Wednesday, 19 January 2022

Newly published by altoviolet and Dye Hard Press: The Fall by Hans Pienaar


Dedalus decides to flee South Africa but his plane crashes somewhere else on the continent. He miraculously survives but is taken captive by a militia whom he believes wants to kill him. Making promises to use his skills to help them, he gets involved in the politics and religious cravings of the local community. They allow him to design a series of gods to meet the needs they appear to have.

Hans Pienaar’s first collection of poems in English tends towards a novel in verse, or a draft for a Netflix series in poems, if you will. Told in many styles and voices, it is an attempt to distill his experiences while travelling in the rest of Africa as foreign correspondent for a newspaper group. There is a lot of humour, but also deadly earnest in the meeting of Greek mythology and a people run down by colonialism and modernity, and of course, things do not go according to plan. Whether it ends on a pessimistic or optimistic note probably depends on the reader.

Pienaar is an award-winning writer of mainly Afrikaans novels, plays and poetry who lives in the Western Cape. His latest poetry collection, Seisoene op Parool (Seasons on Parole) was published by Protea Books in January 2021, and it will also release his latest novel, Kaap, in February 2022.

The Fall can be ordered from the author at mwhanspi@gmail.com for R350, postage included (by South African post office), or you can order an e-book version for free. If you want the book couriered to you, speak to the author.

140 pages.

ISBN: 978-0-9947231-1-6 print

ISBN: 978-0-9947231-2-3 e-book

 



Tuesday, 18 January 2022

Monday, 17 January 2022

Sunday, 02 January 2022

Outside the cave in Leicester


Well, the new year is certainly starting with some good news --  Outside the cave and Thunder on the highway have now reached poet and publisher Adrian Manning in Leicester, England! It's great news that outgoing international mail is finally reaching its destination - without needing the expensive services of couriers! Now I am just hoping that incoming internal mail will start coming through.

Thursday, 30 December 2021

Outside the cave in France again


This morning Benoit Delaune in France received his copies of Outside the cave and Thunder on the highway by Gary Cummiskey and published by Dye Hard Press.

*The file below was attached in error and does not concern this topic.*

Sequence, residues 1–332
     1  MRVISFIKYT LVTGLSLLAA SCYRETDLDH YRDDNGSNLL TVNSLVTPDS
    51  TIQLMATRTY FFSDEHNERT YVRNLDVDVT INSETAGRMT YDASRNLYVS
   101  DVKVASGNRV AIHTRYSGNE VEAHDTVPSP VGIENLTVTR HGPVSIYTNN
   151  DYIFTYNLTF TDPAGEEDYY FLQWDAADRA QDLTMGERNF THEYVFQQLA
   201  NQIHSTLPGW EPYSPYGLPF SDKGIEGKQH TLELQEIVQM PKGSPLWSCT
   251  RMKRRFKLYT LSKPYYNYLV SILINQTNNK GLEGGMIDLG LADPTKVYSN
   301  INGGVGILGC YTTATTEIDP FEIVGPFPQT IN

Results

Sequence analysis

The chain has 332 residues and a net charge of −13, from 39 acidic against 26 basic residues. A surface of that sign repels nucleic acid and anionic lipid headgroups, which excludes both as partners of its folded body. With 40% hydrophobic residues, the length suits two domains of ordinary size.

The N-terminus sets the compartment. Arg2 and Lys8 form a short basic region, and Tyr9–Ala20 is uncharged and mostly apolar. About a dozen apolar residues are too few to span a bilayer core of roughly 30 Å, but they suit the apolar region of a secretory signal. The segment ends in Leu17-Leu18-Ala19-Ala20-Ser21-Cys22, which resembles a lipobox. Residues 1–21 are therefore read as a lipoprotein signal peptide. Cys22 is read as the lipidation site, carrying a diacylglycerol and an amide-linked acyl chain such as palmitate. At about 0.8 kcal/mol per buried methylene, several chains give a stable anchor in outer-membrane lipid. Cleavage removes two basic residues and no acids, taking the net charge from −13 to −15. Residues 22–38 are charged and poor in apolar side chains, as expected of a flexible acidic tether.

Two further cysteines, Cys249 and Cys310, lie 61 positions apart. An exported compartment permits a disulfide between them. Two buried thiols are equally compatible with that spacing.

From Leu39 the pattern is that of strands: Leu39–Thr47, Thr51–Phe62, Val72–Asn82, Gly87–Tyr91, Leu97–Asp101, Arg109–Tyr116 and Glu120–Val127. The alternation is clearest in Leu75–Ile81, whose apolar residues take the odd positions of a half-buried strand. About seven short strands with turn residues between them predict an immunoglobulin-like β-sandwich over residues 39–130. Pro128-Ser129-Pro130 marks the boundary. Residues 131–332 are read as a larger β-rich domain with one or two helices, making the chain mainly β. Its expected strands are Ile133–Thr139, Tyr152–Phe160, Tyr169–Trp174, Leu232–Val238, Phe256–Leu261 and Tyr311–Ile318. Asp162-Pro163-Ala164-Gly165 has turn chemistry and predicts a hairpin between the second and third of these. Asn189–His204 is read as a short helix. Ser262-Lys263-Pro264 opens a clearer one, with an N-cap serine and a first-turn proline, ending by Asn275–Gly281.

Casting the eye of the mind


 

In the beginning of the womb


 

Friday, 24 December 2021

Claro!


 

Monday, 20 December 2021

Wednesday, 08 December 2021

Age of miracles and wonder - international mail received via the South African Post Office

 



Well, this is certainly the age of miracles and wonder, especially when you finally get international mail delivered via the South African Post Office, and it comes from Henry Denander, poet, publisher and master watercolourist. Thank you, Hank!

Thursday, 02 December 2021

The Difficulty of Being - a collage by Bruno Sourdin



A collage titled The Difficulty of Being, by French poet and collagist Bruno Sourdin.
 

Tuesday, 30 November 2021

Sunday, 28 November 2021

Just THREE copies left of The cactus of a bright sky



There are now just THREE copies left of Alan Finlay's chapbook The cactus of a bright sky, published by Dye Hard Press.

The cost for South Africa, including courier delivery to your door, is R140. For overseas mail, the cost will depend on your destination.

Please send an email to dyehardpress@iafrica.com.




Sunday, 21 November 2021

Five poems published in Sulfur, 'Surrealist Jungle'

 In a bumper month or so, I now have had five poems published in the online journal Sulfur, 'Surrealist Jungle'.

Sulfur is published by the Egyptian and North African surrealist group.


The five poems are:

Out on the street

Snap

Cardboard kings

Still now

Nowhere rooms


and they can be read here.

Two poems published in BKO magazine


I have had two poems - 'Out of it in Athens' and 'At the stone wall' published in the latest issue of BKO magazine, which is a special edition focused on South African poet Don Mattera.

Looking on yesterday